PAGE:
Lee Jung-jae has recently achieved worldwide fame for his lead role in Squid Game, but he’s been a reliably popular leading man in South Korea for many years, and is certainly one of the more versatile actors in Korean cinema. His turn here as a flamboyantly coutured, impossibly sadistic Zainichi Korean hitman is one of his purplest, and those who only know him as the relatively mild mannered Gi-hun are certainly in for a shock when he first enters Deliver Us From Evil and promptly suspends a rival gangster from the ceiling by his feet and then guts him from pelvis to sternum. They don’t call him Ray the Butcher for nothing.
Lee, however, is perfectly matched by fellow middle aged superstar Hwang Jung-min, who plays a more reflective hitman, In-nam, a former pseudo-government agent who escaped the wrath of the bad guys whose compatriots he tortured and killed years ago and hid out in Japan, where he hired himself out to underworld types. He’s given one last job by his nominal boss before taking a hefty severance package that he plans to retire on in Panama, but the guy he offs, a woman killer named Kore-eda, happens to be Ray’s estranged “brother,” and thus Ray has pledged to hunt In-nam down and kill him in the most disgusting way. However, In-nam, prior to his leaving for Panama, learns that his ex-girlfriend, Young-ju (Choi Hee-seo), has been murdered in Thailand where she was living for years with a daughter, who has been kidnapped by traffickers. Realizing that the girl is probably his daughter as well, In-nam high tails it to Bangkok, with Ray in hot pursuit.
Obviously, there’s a lot going on in Deliver Us From Evil, but that’s a strong point for director Hong Won-chan, who wrote the scripts for the classic actioners The Chaser and The Yellow Sea. Deliver is not quite up to the high standard those two movies set, but it’s easy to follow the various twists and turns, which actually make sense within the world he’s trying to depict, though I wonder how much Thai people appreciate him making their country out to be this lawless. Still, it’s the details that make the script, and the movie as a whole, continuously interesting. For reasons that aren’t difficult to figure out, there seems to be a lot of Korean expats in Bangkok, and most of them are either carrying out elaborate scams or escaping the conventional social strictures of their native country. One of these is Yoo-yi (Park Jeong-min), a transsexual woman saving money for her operation who acts as In-nam’s guide through the Thai underworld. Though there’s a certain measure of exploitation in the presentation of the character, Yoo-yi perfectly fits in with Wong’s outlandish purposes. The director also effortlessly slips in a bit of social commentary without interfering with the relentlessly bloody action prerogatives: the daughter, as it were, was kidnapped because Japan and Korea do not allow organ donations from children, so the black market for children’s organs from those two nationalities in Southeast Asia is very lucrative.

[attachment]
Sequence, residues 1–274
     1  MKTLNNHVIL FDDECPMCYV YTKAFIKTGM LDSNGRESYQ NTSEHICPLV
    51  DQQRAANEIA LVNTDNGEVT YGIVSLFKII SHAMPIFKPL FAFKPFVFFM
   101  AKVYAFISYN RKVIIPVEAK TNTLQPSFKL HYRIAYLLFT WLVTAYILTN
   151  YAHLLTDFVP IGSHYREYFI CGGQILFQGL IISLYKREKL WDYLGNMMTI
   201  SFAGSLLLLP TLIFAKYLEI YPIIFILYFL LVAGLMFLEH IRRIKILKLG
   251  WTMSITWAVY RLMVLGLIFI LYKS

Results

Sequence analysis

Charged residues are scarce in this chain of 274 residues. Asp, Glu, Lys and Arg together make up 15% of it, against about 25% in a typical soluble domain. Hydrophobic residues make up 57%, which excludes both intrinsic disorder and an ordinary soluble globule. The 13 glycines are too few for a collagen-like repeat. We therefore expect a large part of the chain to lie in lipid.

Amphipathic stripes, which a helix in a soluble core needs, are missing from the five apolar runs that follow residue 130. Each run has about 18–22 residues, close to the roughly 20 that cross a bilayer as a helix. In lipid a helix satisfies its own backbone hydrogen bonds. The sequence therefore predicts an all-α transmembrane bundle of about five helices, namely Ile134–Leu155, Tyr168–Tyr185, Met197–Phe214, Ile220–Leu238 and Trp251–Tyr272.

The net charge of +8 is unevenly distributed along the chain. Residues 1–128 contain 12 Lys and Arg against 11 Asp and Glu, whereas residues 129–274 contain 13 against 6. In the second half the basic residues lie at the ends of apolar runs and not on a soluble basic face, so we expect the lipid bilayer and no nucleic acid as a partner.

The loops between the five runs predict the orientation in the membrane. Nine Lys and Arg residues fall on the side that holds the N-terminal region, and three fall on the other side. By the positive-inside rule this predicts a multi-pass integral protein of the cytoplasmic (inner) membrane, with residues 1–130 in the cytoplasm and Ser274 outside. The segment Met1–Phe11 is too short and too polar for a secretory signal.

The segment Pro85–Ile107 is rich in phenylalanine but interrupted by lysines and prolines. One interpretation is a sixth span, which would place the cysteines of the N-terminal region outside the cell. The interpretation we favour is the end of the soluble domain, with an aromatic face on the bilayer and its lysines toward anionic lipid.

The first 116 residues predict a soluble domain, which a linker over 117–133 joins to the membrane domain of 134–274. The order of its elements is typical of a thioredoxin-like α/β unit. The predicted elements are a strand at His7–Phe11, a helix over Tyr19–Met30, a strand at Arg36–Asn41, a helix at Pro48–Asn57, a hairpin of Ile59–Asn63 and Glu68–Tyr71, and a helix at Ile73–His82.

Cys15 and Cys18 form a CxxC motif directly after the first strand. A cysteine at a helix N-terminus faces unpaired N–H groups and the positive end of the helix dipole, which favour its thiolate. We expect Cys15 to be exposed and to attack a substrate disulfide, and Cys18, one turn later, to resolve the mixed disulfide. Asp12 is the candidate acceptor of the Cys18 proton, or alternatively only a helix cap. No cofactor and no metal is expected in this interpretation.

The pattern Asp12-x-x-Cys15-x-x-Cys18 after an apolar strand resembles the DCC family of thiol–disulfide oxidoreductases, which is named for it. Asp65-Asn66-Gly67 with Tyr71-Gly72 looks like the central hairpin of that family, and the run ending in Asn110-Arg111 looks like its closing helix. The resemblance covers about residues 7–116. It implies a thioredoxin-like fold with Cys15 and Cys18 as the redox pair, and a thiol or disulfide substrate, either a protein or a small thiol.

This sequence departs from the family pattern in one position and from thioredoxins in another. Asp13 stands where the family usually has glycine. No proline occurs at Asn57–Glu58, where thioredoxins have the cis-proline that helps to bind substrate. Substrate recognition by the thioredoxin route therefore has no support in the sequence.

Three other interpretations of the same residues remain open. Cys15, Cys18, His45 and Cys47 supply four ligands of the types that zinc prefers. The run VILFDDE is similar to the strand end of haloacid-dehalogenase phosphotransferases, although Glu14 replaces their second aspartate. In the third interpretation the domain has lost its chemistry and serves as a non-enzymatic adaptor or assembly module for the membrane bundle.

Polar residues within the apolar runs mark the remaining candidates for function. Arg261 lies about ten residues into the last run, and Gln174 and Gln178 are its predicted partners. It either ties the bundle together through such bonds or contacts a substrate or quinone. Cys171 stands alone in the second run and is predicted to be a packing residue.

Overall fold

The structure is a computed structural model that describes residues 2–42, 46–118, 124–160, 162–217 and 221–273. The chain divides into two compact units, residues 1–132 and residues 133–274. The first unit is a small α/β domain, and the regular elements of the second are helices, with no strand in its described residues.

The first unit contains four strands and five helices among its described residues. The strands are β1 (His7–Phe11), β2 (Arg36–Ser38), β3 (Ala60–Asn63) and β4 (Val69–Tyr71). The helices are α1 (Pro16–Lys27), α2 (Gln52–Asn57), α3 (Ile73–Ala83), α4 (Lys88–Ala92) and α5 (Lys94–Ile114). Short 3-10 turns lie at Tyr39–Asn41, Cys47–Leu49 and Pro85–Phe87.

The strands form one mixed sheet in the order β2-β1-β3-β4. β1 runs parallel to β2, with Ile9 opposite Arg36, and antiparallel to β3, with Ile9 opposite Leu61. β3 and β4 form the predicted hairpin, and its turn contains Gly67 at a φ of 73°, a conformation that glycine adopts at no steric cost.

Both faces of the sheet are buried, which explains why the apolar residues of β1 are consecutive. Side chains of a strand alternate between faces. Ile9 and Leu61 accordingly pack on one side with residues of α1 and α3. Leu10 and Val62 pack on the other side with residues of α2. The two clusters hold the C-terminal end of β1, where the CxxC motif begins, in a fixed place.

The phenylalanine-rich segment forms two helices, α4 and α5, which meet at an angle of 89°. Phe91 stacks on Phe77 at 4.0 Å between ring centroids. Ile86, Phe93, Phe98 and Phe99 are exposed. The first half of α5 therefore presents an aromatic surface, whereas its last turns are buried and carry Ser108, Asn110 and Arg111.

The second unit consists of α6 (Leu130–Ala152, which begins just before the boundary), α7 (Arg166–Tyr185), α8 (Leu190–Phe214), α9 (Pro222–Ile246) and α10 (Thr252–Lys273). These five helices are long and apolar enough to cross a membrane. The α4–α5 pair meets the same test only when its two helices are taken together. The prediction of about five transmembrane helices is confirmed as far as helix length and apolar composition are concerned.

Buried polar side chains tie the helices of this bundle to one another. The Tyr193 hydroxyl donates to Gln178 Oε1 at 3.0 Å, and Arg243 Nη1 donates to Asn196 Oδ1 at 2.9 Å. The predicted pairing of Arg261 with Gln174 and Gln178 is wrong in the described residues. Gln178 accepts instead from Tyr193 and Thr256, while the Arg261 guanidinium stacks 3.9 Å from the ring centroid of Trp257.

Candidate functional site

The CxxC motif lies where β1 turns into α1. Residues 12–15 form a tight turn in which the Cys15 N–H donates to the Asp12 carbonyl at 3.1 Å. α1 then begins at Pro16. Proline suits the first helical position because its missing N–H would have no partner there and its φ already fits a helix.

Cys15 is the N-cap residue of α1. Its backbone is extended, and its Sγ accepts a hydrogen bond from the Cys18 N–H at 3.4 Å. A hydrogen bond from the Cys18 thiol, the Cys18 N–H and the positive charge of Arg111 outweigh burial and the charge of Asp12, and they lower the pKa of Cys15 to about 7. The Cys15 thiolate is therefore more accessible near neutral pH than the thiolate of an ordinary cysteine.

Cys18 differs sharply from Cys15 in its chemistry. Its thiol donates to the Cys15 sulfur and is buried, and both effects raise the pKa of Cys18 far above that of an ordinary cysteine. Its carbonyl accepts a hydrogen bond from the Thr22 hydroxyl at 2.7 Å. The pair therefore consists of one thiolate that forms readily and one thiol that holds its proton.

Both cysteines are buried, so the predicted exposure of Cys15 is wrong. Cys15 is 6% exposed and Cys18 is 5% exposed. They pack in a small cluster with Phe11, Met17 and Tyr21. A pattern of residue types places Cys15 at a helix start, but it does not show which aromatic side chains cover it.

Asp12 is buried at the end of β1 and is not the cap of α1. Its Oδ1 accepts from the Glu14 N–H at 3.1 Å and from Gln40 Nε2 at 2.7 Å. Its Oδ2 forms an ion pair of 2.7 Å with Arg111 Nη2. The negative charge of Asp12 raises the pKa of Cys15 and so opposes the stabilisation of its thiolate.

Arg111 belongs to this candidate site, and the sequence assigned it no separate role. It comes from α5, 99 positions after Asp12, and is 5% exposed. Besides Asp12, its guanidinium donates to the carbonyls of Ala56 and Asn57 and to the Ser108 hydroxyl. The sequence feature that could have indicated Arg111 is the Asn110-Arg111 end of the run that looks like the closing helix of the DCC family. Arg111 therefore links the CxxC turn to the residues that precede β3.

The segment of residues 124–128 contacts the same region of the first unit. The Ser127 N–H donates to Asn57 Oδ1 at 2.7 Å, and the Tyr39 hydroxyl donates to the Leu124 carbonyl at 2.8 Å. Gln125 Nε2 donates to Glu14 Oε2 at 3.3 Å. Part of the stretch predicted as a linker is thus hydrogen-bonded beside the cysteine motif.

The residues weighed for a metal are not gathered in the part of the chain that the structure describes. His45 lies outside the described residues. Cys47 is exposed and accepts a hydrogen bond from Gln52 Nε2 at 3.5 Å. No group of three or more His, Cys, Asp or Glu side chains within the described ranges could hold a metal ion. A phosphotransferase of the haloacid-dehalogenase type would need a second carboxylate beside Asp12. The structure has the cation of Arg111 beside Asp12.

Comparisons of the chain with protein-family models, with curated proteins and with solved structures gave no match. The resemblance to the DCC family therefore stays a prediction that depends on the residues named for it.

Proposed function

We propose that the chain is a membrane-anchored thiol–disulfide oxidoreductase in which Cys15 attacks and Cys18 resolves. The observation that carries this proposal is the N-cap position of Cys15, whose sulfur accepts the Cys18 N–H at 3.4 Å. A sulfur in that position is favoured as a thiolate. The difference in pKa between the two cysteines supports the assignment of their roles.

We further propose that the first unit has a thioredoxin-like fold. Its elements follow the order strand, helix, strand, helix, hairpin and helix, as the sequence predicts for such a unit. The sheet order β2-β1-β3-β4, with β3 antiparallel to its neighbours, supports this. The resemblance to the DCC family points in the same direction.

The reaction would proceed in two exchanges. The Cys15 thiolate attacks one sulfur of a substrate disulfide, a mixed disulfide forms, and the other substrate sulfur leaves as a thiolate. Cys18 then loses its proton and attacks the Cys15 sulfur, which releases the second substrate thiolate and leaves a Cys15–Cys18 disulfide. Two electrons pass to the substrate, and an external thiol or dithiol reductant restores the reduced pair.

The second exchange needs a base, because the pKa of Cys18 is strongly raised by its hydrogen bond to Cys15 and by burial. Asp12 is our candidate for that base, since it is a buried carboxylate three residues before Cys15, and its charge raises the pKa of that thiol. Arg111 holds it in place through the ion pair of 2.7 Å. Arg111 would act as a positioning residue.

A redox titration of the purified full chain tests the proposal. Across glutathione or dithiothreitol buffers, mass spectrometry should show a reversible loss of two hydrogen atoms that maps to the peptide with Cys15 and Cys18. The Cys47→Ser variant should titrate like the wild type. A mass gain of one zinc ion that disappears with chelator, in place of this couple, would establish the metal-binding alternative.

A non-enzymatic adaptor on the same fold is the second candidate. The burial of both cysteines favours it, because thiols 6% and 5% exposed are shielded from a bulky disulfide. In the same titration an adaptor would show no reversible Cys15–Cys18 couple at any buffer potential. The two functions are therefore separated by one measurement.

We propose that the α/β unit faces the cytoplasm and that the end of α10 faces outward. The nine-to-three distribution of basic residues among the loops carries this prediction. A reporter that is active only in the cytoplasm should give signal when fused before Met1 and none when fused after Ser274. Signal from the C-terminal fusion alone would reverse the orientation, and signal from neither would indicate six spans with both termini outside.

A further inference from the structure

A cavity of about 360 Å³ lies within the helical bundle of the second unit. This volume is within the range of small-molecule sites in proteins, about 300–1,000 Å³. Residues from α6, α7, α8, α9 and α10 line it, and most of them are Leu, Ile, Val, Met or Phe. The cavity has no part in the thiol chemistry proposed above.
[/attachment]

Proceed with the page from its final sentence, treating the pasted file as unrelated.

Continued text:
For the most part, Deliver is yet another expertly staged, finely choreographed Korean gangster film that privileges the kind of super macho code of honor that should be a grind and a bore by now but from which filmmakers as resourceful as Wong can still spin compelling yarns. You pretty much know what’s going to happen in the end, and you won’t be disappointed, but Wong takes you on a really wild ride to get there.
In Korean, English, Japanese and Thai. Opens Dec. 24 in Tokyo at Cinemart Shinjuku (03-5369- 2831).
Deliver Us From Evil home page in Japanese
photo (c) 2020 CJ ENM Corporation, Hive Media Corp.